Watching Your Legacy Lived Out: What You Need to Know About Financial Gifting

By: Ashley Eneriz

You've been there every step of the way for your child's life. While your adult kids don't need you to cook meals and chauffeur them around anymore, they may still need help when it comes to funding the costly milestones of life, such as advanced degrees, weddings and home purchases.

Gifting money to your adult children and watching them better their lives can be more enjoyable than leaving your loved ones an inheritance. According to CIBC's poll on giftingOpens a new window in your browser., 76% of Canadians expressed that they wanted to help their adult children financially. Furthermore, 65% of Canadians said they would rather foot their adult children's bills than have their kids move back in with them.

Kids, take note.

Parents, these tips can help your funds be used to better the life of your loved ones and future generations.

A snapshot of a family, and their pets, happily gathered around a couch

What You Need to Know About Taxes when Making Gifts

While many parents want to bless their children financially, confusion about taxes abounds. Some 68% of Canadians are unsure of the tax rules regarding financial gifting. The good news is that you can give as much cash as you want to any person, related or not, without incurring taxes on the gift.

However, any gift of property, such as a home which is not considered your principal residence, given after the value has gone up, is subject to Canada's 50% capital gains tax. As Jamie Golombek, Managing Director, Tax and Estate Planning at CIBC, explains, “if you purchased a home for $350,000, but you gift it after it's reached a market value of $550,000, you will be accountable for reporting the $200,000 capital gain from the property (assuming it was not your principal residence). Fifty per cent of that capital gain, $100,000, is taxable.”

Common Gifting Woes

Sometimes it's not taxes that give the gift giver pause, but rather, issues with the recipient, such as age and level of responsibility. Here are the top concerns and suggestions on how you might address them.

  • Will my money be spent irresponsibly? It can be crushing to watch adult children fritter away your gift. While 60% of parents say it's none of their business how their adult kids spend their gift money, 29% worry about their child spending the money foolishly. If you feel the same, gift a small amount first and make it clear what the money is for, such as debt repayment or buying a home. Once your son or daughter shows that they have saved or spent the initial gift wisely, then you might feel more comfortable gifting more. You can also establish a trust with your kids as beneficiaries, which allows you to set the terms for gifts. For example, through a trust agreement you can specify how much money is distributed to your kids, and how often. Trust funds can also be used to directly fund expenses incurred for the benefit of your kids, without actually putting the cash in their hands. Setting up a trust is more complex than just giving cash, and you should consult legal and tax advice before proceeding.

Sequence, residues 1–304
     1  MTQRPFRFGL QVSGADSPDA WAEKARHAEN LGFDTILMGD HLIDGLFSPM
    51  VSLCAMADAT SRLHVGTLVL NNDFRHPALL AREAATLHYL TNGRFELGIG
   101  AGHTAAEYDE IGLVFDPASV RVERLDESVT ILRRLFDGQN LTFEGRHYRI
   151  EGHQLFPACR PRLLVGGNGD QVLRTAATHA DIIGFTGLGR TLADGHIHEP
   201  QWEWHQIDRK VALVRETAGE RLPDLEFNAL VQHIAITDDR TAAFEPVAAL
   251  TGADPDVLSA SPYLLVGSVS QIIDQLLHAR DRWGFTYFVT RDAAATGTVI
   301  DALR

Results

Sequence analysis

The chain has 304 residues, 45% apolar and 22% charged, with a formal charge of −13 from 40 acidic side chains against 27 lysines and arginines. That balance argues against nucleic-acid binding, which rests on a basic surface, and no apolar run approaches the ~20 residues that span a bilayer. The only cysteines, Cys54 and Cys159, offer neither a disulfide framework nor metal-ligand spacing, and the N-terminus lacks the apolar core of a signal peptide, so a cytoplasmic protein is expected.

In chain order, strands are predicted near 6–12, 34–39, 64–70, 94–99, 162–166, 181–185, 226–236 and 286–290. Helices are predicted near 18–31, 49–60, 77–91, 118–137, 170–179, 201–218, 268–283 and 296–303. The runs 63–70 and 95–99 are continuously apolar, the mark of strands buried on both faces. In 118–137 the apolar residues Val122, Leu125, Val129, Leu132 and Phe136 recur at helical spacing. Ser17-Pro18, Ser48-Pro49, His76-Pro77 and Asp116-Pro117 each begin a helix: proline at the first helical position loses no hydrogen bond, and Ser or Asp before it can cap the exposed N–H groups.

A snapshot of a happy family looking ahead to the future
  • Will I be a bad parent if I don't gift money to all of my kids? If you give a gift to one child, must you give the same to all of your children? More than half of parents who have given or plan to give a significant amount of money to one child say they feel obligated to give to every child and/or grandchild. The money is yours, and ultimately, the choice is yours. How much money you gift is not equal to how much you love each child. However, gifting unequally can cause strife between siblings and a strained relationship between you and another child, even if that child is financially well off. Consider this before finalizing unequal gifting.
  • What if I don't have enough money to give? Over one third of parents polled said they were comfortable with taking on debt if it meant helping their child get a good start. On the other hand, two out of five parents fear they will need the money they gift later on. Before gifting, make sure you have your own financial cushion for unexpected medical issues or unplanned emergencies. While it's nice to help your kids, if you have an unplanned change in health or need full-time care later in life, or even something less drastic, like a new roof, you don't want to end up in debt.

Opinions expressed are those of the author, and not necessarily those of CIBC or their partners.